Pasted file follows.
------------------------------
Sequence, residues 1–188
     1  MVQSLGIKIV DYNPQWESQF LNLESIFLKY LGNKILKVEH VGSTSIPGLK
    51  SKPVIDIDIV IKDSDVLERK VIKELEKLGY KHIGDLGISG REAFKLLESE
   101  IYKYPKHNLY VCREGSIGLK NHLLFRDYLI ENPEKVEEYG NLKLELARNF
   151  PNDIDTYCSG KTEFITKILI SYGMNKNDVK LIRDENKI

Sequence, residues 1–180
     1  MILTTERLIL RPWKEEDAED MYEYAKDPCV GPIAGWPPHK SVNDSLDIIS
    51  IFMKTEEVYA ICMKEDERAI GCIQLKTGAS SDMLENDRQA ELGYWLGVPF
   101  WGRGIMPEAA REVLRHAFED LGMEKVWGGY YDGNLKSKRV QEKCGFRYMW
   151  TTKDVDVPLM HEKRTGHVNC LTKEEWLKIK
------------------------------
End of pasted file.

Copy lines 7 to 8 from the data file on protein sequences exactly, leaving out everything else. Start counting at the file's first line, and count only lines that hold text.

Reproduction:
     1  MILTTERLIL RPWKEEDAED MYEYAKDPCV GPIAGWPPHK SVNDSLDIIS
    51  IFMKTEEVYA ICMKEDERAI GCIQLKTGAS SDMLENDRQA ELGYWLGVPF